The good news and the easy thing to say is that my years in Chicago helps me to treat Gays socially the way I think Christ would treat them if He were walking the earth today. He would love them. He would treat them with respect. He would welcome them to come to His Church and to his home if He had one.
However, the hardest and far less popular thing to articulate is what does the Bible say about Homosexuality and what would Christ would have said to them if he met them personally.
My perception, therefore my reality, is that the Bible – both Old and New Testament – clearly and without ambiguity defines Homosexuality as falling short of God’s glorious standard – a standard that in the Bible is called Sin. That is a hard thing to put in print and it must be an awful thing for my Gay friends to read and or hear. However, it’s not the end of the story – it’s only one of the many human conditions and practices that God lists in the Bible as sin – some of which I possess and sadly practice – as do all of the people in my Church. In fact the Bible says over and over that all – 100% – of all people sin and fall short of God’s standard. What again is sin? It’s simply anything that falls short of the standard that God sets for Himself – absolute perfection. Both the Old and New Testament tell us that “in God there is no sin.”
Another perception I have is that it only takes one sin to be a sinner. When I read Romans and Corinthians I see several aspects of my life are sins – thus I am a sinner and I am thankful that Christ died for me. To state what I hope is the obvious there is no fundamental difference between sinners. Some of my sins are a result of my childhood experience – some are in my DNA – some are the result of the life experiences I have had – not all of which have been good and kind and loving. When I think of my Gay friends I don’t think of myself as being better or worse than them. I think of them as being just like me for the most part – with the one obvious difference being that somewhere along life’s way they went a different direction on sexual orientation.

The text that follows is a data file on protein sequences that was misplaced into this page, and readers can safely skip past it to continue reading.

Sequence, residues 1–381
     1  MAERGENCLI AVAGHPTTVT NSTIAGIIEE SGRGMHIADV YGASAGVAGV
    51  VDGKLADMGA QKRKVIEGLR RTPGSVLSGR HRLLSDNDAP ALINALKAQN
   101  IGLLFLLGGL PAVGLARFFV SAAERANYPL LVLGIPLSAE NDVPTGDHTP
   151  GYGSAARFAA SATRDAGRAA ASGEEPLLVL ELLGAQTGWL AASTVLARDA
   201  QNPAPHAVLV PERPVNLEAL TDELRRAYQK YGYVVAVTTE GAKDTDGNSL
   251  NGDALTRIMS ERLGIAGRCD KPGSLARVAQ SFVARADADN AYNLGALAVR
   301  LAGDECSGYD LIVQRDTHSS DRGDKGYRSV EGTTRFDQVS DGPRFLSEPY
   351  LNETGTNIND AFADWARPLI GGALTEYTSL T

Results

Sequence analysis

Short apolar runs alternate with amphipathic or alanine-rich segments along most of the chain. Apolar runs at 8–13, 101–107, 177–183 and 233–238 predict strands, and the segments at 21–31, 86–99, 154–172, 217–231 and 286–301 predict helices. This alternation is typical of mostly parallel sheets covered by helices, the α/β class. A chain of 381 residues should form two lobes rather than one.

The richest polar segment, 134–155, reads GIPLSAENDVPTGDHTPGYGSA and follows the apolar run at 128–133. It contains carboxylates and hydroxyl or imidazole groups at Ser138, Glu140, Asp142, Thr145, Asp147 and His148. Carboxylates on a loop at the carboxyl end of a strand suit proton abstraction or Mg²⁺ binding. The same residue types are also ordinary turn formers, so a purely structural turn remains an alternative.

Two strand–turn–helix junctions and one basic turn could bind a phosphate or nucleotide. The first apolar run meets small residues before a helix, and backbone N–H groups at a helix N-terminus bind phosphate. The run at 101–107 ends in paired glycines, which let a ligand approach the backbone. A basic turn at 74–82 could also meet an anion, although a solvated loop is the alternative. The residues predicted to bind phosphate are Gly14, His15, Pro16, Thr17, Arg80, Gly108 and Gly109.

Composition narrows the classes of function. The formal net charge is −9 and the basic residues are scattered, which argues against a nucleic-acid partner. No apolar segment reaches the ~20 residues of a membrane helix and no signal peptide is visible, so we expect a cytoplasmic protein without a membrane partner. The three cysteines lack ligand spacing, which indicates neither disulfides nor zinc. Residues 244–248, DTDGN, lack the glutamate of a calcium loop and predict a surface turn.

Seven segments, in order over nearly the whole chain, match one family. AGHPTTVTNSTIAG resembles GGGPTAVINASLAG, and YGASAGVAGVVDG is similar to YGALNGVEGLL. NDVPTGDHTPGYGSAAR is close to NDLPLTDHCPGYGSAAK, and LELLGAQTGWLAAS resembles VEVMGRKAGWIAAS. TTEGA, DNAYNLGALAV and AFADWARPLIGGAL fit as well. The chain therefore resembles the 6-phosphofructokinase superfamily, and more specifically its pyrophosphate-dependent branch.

One day on the Mount of Olives Jesus was teaching and the Religious Leaders brought a woman who had been caught in adultery. They said to Christ the Law of Moses says we should stone her, what do you say? Jesus bent down and wrote something on the ground. Then He stood up and said – if any of you is without sin then be the first to throw a stone at her – and again He wrote something on the ground. One by one, starting with the oldest they all walked away. Christ stood and looked at the woman and said has no one condemned you? She replied no sir and Jesus said then neither do I. Go now and leave your life of sin. Wouldn’t you like to know what Christ wrote on the ground? I sure would!
The Apostle Paul – who wrote more books in the Bible than anyone else – went on to say that there is not one of us who has not sinned – not a single one and that the wages of sin is spiritual death – but the gift of God is Eternal Life in Christ! If I sin am I cast out? Is my lot in life hopeless? Does God stop loving me? Should I be ostracized from the Church?